Yesterday was a dark day for South Florida sports.
Basketball would be my third favorite sport, yet focusing on anything else but the loss of No. 3 is proving particularly difficult. Thirteen years is a long time, an eternity really in the free-agent-frenzy driven sports world most of us have grown up in. Staying in one place is a rarity, and given the decade of glory the Miami Heat built mostly upon the shoulders of free agent muscle, perhaps it was naive to believe that Dwyane Wade was going to follow the path of Kobe Bryant and Derek Jeter.
Or, if you prefer, and one friend has already commented on the irony of Wade’s thirteen year tenure, the path of South Florida and NFL legend Daniel Constantine Marino.
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Marino has been on my mind a lot since hearing the news late Wednesday night. For his forced retirement has to be the comparison, right? My mind was churning through the seasons, across all four franchises, looking for the last time sports made me feel this hollow. Zach Thomas, left unsigned and eligible to be signed by the Dallas Cowboys after twelve years of anchoring the middle for the Dolphins? Not quite- the skills were fading, and health had become such a concern that he honestly should have retired instead of playing out that final Dallas season. Jason Taylor? Yea, he became a Jet, and even moonlighted as a Redskin once, but he still played thirteen (there it is again) seasons in South Florida, and walked away from the game on his terms.
“The Dan thing”, as second worst coach in Dolphins history Dave Wannstedt referred to it, ended poorly though. Just the way this has. A star, the star, told there wasn’t a place for him essentially, and that if he wanted to keep playing, he’d have to come in and compete just to start. Or just play somewhere else. At 15 years old, I was ready to either blow my inconsequential savings on season tickets to watch his final campaign, or become the world’s biggest Minnesota Vikings fan if he did go ahead and sign their offer. And when they played Miami in Week 2, I’d be the one running around Miami all clad in purple.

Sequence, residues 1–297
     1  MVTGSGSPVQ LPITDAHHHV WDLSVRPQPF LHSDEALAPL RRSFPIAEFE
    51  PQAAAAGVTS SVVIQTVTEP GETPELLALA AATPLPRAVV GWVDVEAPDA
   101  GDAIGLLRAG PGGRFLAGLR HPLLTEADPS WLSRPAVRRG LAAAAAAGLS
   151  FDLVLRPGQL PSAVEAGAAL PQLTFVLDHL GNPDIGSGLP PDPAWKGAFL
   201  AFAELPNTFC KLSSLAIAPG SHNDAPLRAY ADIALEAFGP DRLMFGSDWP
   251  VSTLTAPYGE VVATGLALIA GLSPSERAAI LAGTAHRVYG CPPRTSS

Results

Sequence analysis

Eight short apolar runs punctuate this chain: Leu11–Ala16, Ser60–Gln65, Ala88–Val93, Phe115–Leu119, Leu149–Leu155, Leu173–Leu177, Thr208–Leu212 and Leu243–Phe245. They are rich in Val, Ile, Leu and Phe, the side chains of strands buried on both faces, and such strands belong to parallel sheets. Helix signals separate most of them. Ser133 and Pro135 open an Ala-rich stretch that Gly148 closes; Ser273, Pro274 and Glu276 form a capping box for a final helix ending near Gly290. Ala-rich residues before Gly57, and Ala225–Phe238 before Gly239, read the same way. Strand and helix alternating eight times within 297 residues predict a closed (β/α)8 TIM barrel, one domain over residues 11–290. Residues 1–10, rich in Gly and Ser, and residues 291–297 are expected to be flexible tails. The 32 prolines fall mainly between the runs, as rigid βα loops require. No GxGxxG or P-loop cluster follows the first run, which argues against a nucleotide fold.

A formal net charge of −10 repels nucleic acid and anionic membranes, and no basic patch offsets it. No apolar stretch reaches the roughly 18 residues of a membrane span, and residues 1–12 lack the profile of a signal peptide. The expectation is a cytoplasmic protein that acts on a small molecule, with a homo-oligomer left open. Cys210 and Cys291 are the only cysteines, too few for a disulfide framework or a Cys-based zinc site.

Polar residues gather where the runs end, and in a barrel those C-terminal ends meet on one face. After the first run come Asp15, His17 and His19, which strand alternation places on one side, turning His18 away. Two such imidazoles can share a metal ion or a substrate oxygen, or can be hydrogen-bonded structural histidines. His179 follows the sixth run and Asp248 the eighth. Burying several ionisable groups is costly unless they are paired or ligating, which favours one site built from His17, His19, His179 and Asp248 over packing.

Yanks Go Yard
Which is where I’m at this time as well. If I learned nothing else yesterday, it’s that there will be eight games over the next two seasons where I won’t be rooting for the only basketball team I’ve ever cared about enough to cheer for.
But then, along with realizing that I clearly still have unresolved issues about something pointless that happened almost seventeen years ago, I was also struck by the fact that Miami Marlins fans have never come to close to feeling this kind of connection to one of their own.
And if this franchise is going to gain any kind of traction, any kind of real staying power, they need to.
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